South Island start-up provides easier way to scan in

Source: 1News

A new method for signing into businesses through the NZ Covid Tracer app has been officially certified by the Ministry of Health to enable users a quicker and faster way to scan in.

Small South Island start-up company Easy Check-In has developed “Covid tap in tags” to help make life easier for everyone, including those with disabilities, when it comes to signing in.

Easy Check-In’s EJ Matthee told 1News they’d been working with the Ministry since the beginning of the Delta outbreak to offer more inclusive options for people with disabilities.

“The main driver for us was providing something that worked for people with a disability and who struggled with lining up the QR code,” he said.

“You don’t have to open the app or anything - just unlock your phone and wave it over the QR code. It works just like payWave.”

Much like when you tag on to the bus, users will now be able to simply tag into businesses instead of having to open the app and use the camera.

The update to the Government’s app uses the Near Field Communication (NFC) capabilities in your phone, when unlocked, to automatically register your entrance. Most android phones and newer iPhones already have this function built in.

A NZ Covid Tracer App QR code and hand sanitiser sit at the entrance to a Countdown supermarket.

However, businesses wanting to offer this alternative will need to purchase the stickers from Easy Check-In to allow for the ‘tap’ capability.

“The QR stickers have a digital chip embedded in them which allows for the device to use the NFC function. We’ve kept the QR code there as well because not everyone has phones with NFC,” Matthee explained.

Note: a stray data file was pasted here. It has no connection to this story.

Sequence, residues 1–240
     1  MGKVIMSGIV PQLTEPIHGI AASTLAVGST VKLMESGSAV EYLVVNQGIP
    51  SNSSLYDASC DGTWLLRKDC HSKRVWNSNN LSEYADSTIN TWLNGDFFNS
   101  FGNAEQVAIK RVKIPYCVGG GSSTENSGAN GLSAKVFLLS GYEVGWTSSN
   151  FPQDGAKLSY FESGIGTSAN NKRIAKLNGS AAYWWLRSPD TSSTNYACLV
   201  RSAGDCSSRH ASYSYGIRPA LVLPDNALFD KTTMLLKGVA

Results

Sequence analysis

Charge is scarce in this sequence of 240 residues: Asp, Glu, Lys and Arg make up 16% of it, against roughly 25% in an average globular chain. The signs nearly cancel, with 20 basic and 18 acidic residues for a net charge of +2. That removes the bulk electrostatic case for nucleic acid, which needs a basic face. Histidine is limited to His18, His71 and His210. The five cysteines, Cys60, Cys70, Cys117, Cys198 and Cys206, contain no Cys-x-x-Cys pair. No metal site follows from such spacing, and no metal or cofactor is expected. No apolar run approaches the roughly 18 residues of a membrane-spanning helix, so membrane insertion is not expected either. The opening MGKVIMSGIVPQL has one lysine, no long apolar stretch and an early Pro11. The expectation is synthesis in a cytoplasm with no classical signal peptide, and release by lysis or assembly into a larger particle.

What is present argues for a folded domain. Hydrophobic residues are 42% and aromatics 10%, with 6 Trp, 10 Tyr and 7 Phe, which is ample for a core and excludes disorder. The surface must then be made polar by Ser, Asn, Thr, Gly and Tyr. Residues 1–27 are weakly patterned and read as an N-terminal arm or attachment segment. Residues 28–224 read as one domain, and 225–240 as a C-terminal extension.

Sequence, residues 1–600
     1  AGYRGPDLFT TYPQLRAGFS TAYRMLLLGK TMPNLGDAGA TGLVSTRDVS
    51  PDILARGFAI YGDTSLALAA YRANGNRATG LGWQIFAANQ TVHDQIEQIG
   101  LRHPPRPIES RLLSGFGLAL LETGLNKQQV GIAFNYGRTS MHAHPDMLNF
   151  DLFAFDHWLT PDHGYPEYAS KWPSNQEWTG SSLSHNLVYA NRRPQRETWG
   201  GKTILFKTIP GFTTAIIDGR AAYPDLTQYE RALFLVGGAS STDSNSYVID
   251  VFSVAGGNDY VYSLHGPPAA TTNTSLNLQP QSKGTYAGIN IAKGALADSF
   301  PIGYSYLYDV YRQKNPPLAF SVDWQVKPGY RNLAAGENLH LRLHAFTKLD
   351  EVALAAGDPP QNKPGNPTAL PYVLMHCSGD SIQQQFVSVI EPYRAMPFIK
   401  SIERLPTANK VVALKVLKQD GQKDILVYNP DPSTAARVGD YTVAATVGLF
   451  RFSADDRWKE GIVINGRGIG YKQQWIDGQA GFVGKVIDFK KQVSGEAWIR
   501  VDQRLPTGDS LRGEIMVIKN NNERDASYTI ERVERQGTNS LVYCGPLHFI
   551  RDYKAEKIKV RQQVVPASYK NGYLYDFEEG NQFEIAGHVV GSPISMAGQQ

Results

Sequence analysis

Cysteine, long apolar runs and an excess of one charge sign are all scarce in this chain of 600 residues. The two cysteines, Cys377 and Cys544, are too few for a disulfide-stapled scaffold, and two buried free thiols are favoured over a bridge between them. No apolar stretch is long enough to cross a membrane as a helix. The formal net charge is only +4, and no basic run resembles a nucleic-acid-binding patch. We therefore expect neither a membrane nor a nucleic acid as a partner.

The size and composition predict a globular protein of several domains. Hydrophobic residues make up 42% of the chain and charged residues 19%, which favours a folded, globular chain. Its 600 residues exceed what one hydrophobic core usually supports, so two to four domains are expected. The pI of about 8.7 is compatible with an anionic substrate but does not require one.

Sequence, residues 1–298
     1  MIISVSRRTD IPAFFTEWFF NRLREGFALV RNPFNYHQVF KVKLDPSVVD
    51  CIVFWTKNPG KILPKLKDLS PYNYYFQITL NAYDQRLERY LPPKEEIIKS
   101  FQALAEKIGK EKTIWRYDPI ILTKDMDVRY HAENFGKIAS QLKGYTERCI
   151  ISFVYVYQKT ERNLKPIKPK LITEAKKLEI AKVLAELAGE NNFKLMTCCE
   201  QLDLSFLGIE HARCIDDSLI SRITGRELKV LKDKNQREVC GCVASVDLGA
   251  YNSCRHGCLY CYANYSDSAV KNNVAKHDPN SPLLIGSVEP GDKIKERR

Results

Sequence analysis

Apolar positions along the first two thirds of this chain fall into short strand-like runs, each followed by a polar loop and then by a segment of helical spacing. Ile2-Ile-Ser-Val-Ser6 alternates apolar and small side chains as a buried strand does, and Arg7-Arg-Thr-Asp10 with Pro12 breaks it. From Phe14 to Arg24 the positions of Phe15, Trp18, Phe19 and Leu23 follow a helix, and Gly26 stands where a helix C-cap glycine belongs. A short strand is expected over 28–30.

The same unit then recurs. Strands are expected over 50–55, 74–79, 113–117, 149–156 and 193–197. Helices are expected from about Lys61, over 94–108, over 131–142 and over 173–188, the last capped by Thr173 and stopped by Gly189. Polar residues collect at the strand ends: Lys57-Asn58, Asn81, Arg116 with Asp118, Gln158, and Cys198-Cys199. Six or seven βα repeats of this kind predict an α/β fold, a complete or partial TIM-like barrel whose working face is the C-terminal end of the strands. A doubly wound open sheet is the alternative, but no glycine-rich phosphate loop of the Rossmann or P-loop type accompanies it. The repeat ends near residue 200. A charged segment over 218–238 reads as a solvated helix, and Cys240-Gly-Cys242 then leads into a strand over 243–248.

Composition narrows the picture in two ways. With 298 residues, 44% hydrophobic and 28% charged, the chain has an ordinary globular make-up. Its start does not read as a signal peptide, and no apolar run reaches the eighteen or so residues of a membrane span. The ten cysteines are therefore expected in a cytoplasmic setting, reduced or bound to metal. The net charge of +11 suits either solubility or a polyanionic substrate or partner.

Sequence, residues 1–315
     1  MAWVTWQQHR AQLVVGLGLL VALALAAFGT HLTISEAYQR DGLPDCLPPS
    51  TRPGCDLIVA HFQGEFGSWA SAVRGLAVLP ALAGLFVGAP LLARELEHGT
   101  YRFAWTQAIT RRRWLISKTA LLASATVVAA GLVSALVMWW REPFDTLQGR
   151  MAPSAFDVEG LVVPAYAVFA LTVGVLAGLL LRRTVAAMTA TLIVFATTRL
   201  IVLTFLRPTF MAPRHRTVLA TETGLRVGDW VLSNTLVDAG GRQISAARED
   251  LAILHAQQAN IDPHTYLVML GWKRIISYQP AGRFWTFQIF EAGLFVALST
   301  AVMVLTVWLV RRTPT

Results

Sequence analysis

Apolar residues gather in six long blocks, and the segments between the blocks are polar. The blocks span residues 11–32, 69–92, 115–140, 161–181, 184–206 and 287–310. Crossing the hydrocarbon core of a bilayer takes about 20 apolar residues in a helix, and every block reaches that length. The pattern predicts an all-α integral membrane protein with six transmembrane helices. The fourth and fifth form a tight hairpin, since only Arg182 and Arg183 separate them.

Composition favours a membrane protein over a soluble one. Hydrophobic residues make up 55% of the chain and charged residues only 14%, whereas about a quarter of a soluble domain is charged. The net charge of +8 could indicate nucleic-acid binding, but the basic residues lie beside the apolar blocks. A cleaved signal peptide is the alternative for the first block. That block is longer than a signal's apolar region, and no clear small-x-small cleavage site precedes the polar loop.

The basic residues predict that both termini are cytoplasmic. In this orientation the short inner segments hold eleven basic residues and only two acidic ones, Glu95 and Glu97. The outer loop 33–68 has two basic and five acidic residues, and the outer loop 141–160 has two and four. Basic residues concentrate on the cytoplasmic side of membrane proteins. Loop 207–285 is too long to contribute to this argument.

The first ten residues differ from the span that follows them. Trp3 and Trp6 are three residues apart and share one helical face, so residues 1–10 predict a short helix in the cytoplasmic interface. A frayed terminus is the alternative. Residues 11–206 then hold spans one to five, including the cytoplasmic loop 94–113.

Tara Hurley, who has Cerebral palsy, said it took her a while to get used to the current system.

“In the beginning it was difficult and made me not want to participate in scanning,” she said.

Hurley says it was difficult to line the QR code up with her camera and would often hold it up for half a minute before eventually giving up.

“The main thing really is that it works off the proximity to the tag and not having to hold your phone steady when scanning,” she said.

She said there are “groups in the population that the QR code doesn’t work well for”.

“It’s critical to have all avenues available to capture the wider society.”

New Zealand Disability Support Network CEO Peter Reynolds said he applauds any technology which makes things easier for people who are disabled.

“I’m pleased to see more technology options for disabled people to make their lives easier,” he said.

“There’s unlikely to be a single solution to meet everyone’s needs, but there’s a number of growing options becoming available for people with disabilities.”